The new env.c module contains static env_$name functions for each of the $name members of the Env struct, i.e.:

typedef struct Env {
  void *(*malloc)(size_t size);
} Env;

static void *env_malloc(size_t size) {
  return malloc(size);

const Env env_default = {

Env *env_new(void) {
  Env *env = (Env *)malloc(sizeof(Env));
  if (env != NULL) *env = env_default;
  return env;

The env object can record the execution trace and be able to replay it. To avoid mixing the platform code with trace code, we will create a separate module called trace.c that wraps an env in tracing code. This also avoids the overhead of checking a “tracing” flag on every call. The only overhead remaining is that of an indirect call. This brings the maximum overhead to 100ns in case of a cache miss, but in reality these functions will be cached most of the time, making the overhead per call less than 10ns on x86_64.

Since toxav uses toxcore internals, it will pass &env_default as the env parameter. This means calls originating from toxav will not be traced for the time being, making a trace including toxav activity of limited use. This is acceptable as long as we ensure that an inactive toxav does not interfere with toxcore in any externally observable way, i.e. it does not cause allocations or network I/O unless asked to by either toxcore or the client code.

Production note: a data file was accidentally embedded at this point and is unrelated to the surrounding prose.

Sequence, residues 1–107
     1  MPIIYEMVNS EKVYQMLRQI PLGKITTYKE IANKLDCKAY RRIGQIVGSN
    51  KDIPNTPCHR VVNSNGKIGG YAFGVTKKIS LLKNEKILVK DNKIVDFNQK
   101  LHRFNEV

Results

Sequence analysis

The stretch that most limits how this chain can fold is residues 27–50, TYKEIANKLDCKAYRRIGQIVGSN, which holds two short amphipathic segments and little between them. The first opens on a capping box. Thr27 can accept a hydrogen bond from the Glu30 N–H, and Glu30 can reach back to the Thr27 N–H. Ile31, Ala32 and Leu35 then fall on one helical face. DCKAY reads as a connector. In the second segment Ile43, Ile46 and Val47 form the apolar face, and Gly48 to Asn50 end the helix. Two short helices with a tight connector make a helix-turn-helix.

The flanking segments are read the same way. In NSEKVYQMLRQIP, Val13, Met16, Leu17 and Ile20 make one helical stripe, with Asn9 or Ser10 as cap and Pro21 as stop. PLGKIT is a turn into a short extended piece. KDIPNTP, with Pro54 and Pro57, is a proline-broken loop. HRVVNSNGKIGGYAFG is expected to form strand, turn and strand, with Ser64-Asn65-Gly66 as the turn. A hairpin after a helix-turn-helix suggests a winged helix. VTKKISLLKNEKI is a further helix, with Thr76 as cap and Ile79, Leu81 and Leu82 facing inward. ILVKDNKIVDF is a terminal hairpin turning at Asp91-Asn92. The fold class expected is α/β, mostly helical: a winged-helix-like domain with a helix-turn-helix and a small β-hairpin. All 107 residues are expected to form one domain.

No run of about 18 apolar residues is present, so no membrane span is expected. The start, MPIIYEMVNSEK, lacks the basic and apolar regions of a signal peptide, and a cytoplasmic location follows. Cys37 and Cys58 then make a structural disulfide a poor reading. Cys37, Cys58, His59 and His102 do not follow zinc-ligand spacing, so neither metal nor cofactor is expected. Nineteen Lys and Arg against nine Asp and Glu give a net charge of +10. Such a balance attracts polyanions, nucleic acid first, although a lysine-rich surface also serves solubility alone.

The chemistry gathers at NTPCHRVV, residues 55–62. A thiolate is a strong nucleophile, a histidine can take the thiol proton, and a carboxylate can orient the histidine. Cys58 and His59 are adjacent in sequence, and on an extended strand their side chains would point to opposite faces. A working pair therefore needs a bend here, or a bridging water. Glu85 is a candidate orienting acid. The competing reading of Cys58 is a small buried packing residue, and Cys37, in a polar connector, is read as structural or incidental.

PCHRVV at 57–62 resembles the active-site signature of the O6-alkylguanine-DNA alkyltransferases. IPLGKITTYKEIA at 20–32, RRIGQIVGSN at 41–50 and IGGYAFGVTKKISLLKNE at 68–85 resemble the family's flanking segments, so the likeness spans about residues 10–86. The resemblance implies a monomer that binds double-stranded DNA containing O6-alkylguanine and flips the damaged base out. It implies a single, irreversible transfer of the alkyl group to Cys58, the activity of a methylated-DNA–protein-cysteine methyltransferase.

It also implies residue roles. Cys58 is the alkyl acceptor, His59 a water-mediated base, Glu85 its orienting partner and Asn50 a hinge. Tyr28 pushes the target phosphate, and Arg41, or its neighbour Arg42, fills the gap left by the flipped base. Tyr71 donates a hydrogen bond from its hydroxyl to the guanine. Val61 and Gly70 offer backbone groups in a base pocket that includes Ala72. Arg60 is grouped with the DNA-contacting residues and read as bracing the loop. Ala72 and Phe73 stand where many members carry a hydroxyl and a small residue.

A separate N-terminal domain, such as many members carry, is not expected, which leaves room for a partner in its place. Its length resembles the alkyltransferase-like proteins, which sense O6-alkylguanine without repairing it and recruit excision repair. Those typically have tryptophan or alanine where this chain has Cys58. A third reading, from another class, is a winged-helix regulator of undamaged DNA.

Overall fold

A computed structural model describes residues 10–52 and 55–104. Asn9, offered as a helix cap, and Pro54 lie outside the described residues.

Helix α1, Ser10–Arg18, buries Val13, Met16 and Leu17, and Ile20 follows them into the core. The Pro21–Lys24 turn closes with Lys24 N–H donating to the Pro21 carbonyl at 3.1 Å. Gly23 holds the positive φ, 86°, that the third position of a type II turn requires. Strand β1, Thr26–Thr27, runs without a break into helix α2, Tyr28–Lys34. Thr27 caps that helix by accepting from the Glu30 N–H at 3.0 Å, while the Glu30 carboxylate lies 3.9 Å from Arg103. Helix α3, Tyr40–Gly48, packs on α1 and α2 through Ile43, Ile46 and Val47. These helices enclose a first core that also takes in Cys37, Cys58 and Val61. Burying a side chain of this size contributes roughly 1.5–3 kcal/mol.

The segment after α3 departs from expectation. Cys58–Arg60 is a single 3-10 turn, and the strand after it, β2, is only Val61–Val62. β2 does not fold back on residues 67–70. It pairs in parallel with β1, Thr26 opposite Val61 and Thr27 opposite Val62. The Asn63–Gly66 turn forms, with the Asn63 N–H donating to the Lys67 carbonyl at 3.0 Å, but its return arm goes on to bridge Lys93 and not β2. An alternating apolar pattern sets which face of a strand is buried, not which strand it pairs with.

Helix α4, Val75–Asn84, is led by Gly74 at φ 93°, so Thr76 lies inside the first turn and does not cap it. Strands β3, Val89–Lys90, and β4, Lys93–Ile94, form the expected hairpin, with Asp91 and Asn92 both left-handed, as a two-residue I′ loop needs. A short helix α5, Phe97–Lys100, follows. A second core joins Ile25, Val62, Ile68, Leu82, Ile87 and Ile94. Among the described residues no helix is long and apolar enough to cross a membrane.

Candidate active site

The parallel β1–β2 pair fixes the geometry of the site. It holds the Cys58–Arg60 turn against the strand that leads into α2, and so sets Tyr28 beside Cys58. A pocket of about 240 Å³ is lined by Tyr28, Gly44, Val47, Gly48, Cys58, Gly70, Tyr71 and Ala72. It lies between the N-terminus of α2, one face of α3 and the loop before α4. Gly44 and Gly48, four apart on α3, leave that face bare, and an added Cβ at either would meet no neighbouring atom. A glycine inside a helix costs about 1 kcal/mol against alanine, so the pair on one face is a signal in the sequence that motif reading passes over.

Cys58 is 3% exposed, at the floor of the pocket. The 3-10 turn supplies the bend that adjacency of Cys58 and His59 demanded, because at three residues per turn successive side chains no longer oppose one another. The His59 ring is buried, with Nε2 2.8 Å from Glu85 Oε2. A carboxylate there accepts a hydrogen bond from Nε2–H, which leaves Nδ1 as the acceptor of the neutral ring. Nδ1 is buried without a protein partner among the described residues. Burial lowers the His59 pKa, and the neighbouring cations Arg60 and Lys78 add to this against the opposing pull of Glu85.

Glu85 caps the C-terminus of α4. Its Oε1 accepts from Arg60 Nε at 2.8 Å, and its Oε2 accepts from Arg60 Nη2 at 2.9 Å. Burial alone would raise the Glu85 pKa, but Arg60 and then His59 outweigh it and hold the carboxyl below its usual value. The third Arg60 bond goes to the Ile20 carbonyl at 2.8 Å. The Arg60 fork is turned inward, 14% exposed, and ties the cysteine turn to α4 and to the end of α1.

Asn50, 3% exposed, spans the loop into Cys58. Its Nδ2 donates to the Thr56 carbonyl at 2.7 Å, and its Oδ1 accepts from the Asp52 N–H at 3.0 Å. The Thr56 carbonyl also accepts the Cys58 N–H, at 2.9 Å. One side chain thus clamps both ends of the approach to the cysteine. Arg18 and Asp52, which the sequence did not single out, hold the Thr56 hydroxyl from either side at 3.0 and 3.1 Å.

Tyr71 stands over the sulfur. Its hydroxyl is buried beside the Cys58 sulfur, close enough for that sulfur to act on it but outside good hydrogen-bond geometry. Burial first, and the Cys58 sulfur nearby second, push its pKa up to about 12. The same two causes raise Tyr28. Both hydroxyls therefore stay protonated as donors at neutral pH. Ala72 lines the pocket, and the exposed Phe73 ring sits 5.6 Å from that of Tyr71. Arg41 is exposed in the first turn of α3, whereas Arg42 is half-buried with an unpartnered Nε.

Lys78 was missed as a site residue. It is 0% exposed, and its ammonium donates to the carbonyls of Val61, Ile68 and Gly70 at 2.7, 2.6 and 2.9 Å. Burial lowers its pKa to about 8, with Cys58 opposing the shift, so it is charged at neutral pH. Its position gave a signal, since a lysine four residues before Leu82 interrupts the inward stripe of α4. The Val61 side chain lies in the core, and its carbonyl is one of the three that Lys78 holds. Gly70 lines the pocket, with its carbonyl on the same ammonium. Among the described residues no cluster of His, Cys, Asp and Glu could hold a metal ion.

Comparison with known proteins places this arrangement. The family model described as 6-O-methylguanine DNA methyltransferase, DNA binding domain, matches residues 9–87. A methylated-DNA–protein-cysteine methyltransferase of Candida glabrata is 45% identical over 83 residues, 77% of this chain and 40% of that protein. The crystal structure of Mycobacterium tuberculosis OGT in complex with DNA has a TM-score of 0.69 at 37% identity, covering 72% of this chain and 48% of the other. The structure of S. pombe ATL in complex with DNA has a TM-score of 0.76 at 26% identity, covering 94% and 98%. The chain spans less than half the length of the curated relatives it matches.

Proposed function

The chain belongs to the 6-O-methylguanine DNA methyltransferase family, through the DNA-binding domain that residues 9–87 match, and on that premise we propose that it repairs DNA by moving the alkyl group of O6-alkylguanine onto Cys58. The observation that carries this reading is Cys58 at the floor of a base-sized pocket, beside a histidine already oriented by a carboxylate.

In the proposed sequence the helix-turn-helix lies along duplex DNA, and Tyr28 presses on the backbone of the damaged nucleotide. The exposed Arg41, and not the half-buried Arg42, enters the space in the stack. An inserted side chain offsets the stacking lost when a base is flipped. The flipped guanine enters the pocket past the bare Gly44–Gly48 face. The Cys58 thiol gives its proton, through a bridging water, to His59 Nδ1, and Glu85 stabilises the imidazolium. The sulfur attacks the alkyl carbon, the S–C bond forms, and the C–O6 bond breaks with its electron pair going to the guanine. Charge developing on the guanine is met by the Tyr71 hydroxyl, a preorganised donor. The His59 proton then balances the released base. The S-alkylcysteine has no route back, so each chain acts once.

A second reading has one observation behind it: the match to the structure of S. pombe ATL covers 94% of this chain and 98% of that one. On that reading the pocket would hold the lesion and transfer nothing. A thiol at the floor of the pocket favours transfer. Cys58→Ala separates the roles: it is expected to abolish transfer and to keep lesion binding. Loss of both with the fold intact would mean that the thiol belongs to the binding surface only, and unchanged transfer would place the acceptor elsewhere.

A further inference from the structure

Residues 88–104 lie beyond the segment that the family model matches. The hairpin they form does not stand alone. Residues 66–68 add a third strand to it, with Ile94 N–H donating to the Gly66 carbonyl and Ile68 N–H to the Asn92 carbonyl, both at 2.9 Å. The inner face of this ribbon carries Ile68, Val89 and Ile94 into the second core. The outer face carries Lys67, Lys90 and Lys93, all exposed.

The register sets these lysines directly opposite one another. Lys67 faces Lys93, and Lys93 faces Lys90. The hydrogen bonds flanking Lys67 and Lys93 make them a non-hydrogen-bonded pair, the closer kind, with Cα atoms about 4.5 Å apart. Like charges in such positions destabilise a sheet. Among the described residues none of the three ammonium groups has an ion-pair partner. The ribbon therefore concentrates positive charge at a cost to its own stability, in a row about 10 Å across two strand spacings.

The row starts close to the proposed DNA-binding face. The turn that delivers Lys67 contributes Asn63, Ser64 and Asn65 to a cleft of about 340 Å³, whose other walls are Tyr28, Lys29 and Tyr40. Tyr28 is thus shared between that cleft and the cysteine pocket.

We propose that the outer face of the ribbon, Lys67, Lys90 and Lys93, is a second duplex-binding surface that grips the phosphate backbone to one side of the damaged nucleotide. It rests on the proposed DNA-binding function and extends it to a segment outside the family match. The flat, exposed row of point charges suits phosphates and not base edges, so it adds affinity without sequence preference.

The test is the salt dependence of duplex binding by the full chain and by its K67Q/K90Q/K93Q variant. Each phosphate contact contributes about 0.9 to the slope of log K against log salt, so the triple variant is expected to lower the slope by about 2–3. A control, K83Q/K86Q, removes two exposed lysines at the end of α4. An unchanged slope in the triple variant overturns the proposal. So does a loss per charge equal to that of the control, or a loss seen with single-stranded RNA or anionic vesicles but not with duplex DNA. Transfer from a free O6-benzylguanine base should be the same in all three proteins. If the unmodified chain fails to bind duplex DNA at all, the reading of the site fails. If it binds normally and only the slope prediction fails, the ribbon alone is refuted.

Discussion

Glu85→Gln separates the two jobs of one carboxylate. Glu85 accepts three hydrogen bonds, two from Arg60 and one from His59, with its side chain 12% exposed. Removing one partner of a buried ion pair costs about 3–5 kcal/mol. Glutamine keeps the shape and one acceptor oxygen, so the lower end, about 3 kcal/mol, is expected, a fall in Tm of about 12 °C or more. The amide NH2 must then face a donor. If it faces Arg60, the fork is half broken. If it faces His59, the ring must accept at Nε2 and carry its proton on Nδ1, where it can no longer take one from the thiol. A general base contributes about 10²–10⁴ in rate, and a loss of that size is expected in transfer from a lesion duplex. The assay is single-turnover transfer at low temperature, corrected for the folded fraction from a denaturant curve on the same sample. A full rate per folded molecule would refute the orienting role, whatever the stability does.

Making toxcore a pure function of its input, i.e. the execution trace, enables fuzzing inputs. We can make use of instrumentation fuzzers such as afl-fuzz to find bugs in branches taken rarely.


As part of extending the hstox reference implementation, we will generate simulation input from hstox. This operates at a slightly higher level and doesn’t need to mock malloc and random number generators, but injects hstox-generated network messages into the receive queue of the system under test (i.e. toxcore). Using QuickCheck, we can explore properties of the entire system, checked against the Haskell reference implementation.

Alternatives Considered

Doing nothing

If we don’t do this, we will continue having flaky tests that need to execute 2-3 times before they pass, and debugging crashes remains hard, since we need to manually reproduce the environment they were observed in.

Env library

Instead of adding parameters to all functions, we could also create an env library containing env_malloc as a global function. The advantage is implementation simplicity: we don’t need to change the signature of just about every function in toxcore. The disadvantage is that it will need to use global mutable state to record the trace, making thread-safety an issue. To distinguish env calls from two different Tox instances, we need to assign the instances unique identifiers. Doing this in a thread-safe way requires global locks and more platform-specific code.